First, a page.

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What I want isn't very much and I can't seem to find any free software to do it for me. I really don't want to make my own program seeing as this seems like a common scenario.

  1. Watch a specific folder(s) for changes
  2. On detected change for a file(s), copy them to a specific directory

Simply copying all changes or copying only to one directory is not good enough. The scenario is doing multiple project development where some binaries in a shared component need to be copied to multiple other project locations on disk (so I can test right away) and their debug symbols need to be copied to another location.

So, one DLL might be copied to two locations but another file (debug .pdb file) in the same directory needs to be copied to only one location.

The best solution I found that would probably work is: Total Folder Monitor

I also like it because I can save my task list as a "project" which will make it easy to share amongst the developers in source control. However, it's not free because it offers a lot more features I don't need.

Like I said, I could do this myself but I'd love to avoid the time taken to write it. I'm also pretty okay with a monitoring script (I'm on Windows), possibly even in Powershell. It just needs to be able to be stored in source control for other devs to use/change.

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"shared component need to be copied to multiple other project locations on disk" If they run on the same physical machine, have you considered the GAC? The copy functionality already exists as a class you can plug into with .NET (FileSystemWatcher). Continuous Integration can also be used. You can also reference an assembly outside the bin. In which case your programs can share a single reference point. stackoverflow.com/questions/2529459/… –  P.Brian.Mackey Oct 19 '11 at 14:25
    
Thanks Brian, but the GAC will not work with our project structure/environment, this is only for local debugging and is tied to source control; we also can't reference assemblies outside the bin for similar reasons. –  subkamran Oct 19 '11 at 15:38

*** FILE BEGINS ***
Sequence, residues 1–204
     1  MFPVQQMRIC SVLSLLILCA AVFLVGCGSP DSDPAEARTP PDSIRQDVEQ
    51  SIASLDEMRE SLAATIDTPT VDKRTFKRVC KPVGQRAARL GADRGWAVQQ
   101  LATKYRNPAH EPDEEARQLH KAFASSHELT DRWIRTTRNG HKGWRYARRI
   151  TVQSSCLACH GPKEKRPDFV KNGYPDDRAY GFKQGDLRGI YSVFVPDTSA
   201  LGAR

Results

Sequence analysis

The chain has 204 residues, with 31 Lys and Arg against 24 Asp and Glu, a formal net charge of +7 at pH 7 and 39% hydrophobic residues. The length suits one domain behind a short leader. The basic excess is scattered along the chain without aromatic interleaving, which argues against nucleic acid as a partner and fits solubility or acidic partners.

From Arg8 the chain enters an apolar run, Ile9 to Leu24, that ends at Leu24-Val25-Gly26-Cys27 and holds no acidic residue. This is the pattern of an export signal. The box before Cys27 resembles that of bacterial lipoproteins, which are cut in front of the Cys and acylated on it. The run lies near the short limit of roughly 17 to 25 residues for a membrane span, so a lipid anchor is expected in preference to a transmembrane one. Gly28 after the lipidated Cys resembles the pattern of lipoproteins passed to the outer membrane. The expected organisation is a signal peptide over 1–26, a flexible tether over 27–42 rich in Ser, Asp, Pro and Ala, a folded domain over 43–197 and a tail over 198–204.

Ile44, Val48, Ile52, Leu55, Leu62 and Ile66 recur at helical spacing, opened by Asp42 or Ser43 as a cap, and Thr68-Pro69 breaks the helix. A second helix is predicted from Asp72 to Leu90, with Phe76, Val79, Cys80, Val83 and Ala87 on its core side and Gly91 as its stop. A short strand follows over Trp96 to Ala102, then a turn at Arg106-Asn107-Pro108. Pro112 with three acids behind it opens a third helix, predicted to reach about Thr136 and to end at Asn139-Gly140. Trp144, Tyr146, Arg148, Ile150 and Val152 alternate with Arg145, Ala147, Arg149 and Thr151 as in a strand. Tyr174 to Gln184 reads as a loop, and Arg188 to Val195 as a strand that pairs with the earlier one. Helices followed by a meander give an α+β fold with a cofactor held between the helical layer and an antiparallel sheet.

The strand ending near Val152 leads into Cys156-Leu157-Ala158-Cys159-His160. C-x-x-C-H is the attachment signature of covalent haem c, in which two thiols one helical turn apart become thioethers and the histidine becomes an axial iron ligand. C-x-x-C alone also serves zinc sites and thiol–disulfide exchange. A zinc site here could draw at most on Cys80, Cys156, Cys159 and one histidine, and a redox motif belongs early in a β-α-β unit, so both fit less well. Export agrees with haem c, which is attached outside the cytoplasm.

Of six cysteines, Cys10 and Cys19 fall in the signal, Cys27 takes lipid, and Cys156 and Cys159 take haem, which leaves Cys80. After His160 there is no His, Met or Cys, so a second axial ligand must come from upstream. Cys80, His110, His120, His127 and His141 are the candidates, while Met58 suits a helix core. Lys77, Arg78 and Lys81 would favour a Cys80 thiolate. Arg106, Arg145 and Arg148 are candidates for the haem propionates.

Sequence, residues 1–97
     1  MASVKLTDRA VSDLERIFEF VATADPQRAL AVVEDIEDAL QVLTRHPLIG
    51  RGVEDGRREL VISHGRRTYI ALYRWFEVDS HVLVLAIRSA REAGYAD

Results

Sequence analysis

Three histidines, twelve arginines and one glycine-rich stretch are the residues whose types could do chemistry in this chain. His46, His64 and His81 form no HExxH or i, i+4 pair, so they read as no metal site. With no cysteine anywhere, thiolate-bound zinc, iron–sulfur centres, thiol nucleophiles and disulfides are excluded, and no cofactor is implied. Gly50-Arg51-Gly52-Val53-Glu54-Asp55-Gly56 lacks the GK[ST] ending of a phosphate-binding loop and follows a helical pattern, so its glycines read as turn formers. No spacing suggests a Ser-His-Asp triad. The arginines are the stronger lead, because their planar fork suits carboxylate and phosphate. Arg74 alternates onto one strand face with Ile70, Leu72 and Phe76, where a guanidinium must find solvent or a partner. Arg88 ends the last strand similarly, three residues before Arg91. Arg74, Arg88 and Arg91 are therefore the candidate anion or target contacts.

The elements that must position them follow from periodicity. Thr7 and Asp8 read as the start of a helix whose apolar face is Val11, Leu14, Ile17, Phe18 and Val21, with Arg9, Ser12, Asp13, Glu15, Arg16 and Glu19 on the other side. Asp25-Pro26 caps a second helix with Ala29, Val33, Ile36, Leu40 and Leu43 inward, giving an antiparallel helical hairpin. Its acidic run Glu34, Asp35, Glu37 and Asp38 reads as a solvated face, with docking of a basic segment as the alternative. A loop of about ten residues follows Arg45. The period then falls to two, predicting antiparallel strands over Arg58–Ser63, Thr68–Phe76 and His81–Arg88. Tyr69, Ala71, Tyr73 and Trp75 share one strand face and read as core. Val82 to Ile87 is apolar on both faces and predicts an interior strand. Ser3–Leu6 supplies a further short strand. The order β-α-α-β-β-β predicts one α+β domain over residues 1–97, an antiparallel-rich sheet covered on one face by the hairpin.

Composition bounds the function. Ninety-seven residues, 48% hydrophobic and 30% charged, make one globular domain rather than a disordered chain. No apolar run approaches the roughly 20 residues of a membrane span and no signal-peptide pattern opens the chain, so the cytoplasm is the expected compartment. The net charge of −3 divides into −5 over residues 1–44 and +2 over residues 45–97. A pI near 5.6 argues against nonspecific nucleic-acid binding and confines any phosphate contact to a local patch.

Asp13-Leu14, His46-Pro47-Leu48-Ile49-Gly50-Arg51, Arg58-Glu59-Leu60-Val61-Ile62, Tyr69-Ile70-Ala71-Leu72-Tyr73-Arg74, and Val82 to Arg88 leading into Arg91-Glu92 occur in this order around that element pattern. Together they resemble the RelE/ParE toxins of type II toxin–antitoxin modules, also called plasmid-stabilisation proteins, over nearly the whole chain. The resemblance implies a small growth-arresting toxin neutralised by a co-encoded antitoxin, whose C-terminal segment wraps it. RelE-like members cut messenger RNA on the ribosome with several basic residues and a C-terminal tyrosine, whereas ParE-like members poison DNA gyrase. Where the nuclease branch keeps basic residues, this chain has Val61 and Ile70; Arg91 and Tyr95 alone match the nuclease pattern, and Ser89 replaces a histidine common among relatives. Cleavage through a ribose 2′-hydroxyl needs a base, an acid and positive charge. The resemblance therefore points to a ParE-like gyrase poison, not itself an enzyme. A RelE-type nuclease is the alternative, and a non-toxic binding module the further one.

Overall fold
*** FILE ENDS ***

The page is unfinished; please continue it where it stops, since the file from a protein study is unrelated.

I'm not sure how local debugging and source control limit your options to reference outside the bin. Just use a network share. I think you will be better off using technology that is built for the purpose rather than trying to find a tool that is an exact match for all your different needs. That or if you really can't use any of the items I listed, hook into FileSystemWatcher...I wrote console applications that use it in a matter of hours. –  P.Brian.Mackey Oct 19 '11 at 16:14
    
This sounds like a build/deployment problem, why can't you modify your build environment/server to perform these aspects of the deployment? If this is really a build tools problem, you might get better traction with this question on Stack Overflow. –  Mark Booth Oct 19 '11 at 16:58
    
It's not a B/D problem; just multiple solutions that have dependencies and want to reduce manual copying of DLLs when checking in changes/testing the different sites locally. This is not a runtime issue, this is a I-want-to-save-myself-some-headache issue. I can't spend multiple hours doing this (right now), since I have things to actually work on. I have a solution that works fairly well now and I marked it as the answer. Thanks for your guys' comments, though! –  subkamran Oct 19 '11 at 17:05
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5 Answers

up vote 2 down vote accepted

How about Belvedere?